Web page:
Religious Right Could Be Left Behind By New Republican Plan
I will never be left wing or a liberal, but I am more and more disenchanted with the right wing, Republicans, Christians who push too strongly for getting “Christian values” into society vis a vis politics, and social conservatism.
Maybe if the right wing, particularly Christians, actually invested more time in helping people who are already hurting, rather than braying on cable TV about the vulgarity of culture, the legalization of homosexual marriage and so on, they could make society a better place to live. All they want to do is opine, complain, and use politics, and not actually make a difference in people’s lives (in a personal, one- on- one basis).
Some people who call themselves Christians are ten times more pre-occupied with gaining power via politics than the more usual crowd – they truly want a Christian theocracy, one that is just as bad as Islamic sharia. For instance, they want women who have sex outside of marriage, or marrieds who commit adultery, to be stoned to death (read about it here: Christian Reconstructionism).
- When the great Republican resurrection comes to pass, will conservative Christians be left behind?
- Some leaders of the religious right are openly worried this week after a sprawling 98-page report released by the Republican National Committee on how the party can rebuild after its 2012 implosion made no mention of the GOP’s historic alliance with grassroots Christian “value voters.”
- Specifically, the word “Christian” does not appear once in the party’s 50,000-word blueprint for renewed electoral success. Nor does the word “church.” Abortion and marriage, the two issues that most animate social conservatives, are nowhere to be found. There is nothing about the need to protect religious liberty, or promote Judeo-Christian values in society. And the few fleeting suggestions that the party coordinate with “faith-based communities” — mostly in the context of minority outreach — receive roughly as much space as the need to become more “inclusive” of gays.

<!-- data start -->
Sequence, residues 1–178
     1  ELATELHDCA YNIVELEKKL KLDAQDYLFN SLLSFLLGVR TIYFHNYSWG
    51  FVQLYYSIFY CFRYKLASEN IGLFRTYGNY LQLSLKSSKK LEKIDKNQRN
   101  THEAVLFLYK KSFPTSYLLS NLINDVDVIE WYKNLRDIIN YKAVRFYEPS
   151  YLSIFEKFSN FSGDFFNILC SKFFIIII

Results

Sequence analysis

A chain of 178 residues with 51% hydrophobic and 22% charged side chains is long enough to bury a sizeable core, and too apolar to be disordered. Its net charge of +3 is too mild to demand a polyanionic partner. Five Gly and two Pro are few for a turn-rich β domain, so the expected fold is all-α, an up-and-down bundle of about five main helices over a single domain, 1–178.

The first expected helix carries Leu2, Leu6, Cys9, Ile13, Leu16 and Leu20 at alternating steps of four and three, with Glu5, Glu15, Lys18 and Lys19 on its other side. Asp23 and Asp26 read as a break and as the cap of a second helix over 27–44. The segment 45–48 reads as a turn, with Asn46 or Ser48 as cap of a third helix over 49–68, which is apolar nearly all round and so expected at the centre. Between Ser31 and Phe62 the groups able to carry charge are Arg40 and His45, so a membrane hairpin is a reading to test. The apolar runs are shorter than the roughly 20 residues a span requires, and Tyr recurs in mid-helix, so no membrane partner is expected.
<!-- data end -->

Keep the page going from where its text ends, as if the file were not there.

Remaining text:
- To many religious conservatives, the report was interpreted as a slight against their agenda and the hard work they have done for the party.
- “The report didn’t mention religion much, if at all,” said Tim Wildmon, president of the American Family Association. “You cannot grow your party by distancing yourself from your base, and this report doesn’t reinforce the values that attracted me and many other people into the Republican Party in the first place. It just talks about reaching out to other groups.”
- Sandy Rios, an Evangelical radio host and Fox News contributor, said the RNC report’s proposals amount to a “namby-pamby” abdication of religious values, and warned that the party could soon lose the grassroots engine that has powered its electoral victories for decades.
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